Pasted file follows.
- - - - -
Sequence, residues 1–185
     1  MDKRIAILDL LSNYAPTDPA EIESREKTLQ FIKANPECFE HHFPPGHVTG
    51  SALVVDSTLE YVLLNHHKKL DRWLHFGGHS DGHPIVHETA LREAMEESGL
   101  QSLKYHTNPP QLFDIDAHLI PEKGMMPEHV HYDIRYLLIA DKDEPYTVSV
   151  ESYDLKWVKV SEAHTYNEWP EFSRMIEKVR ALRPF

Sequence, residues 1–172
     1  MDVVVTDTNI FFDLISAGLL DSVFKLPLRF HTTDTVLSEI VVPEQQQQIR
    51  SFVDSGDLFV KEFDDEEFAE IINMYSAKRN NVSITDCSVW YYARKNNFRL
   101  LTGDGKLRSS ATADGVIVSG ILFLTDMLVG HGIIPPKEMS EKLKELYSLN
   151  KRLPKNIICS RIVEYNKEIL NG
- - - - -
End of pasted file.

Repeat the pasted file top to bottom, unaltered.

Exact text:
Sequence, residues 1–185
     1  MDKRIAILDL LSNYAPTDPA EIESREKTLQ FIKANPECFE HHFPPGHVTG
    51  SALVVDSTLE YVLLNHHKKL DRWLHFGGHS DGHPIVHETA LREAMEESGL
   101  QSLKYHTNPP QLFDIDAHLI PEKGMMPEHV HYDIRYLLIA DKDEPYTVSV
   151  ESYDLKWVKV SEAHTYNEWP EFSRMIEKVR ALRPF

Sequence, residues 1–172
     1  MDVVVTDTNI FFDLISAGLL DSVFKLPLRF HTTDTVLSEI VVPEQQQQIR
    51  SFVDSGDLFV KEFDDEEFAE IINMYSAKRN NVSITDCSVW YYARKNNFRL
   101  LTGDGKLRSS ATADGVIVSG ILFLTDMLVG HGIIPPKEMS EKLKELYSLN
   151  KRLPKNIICS RIVEYNKEIL NG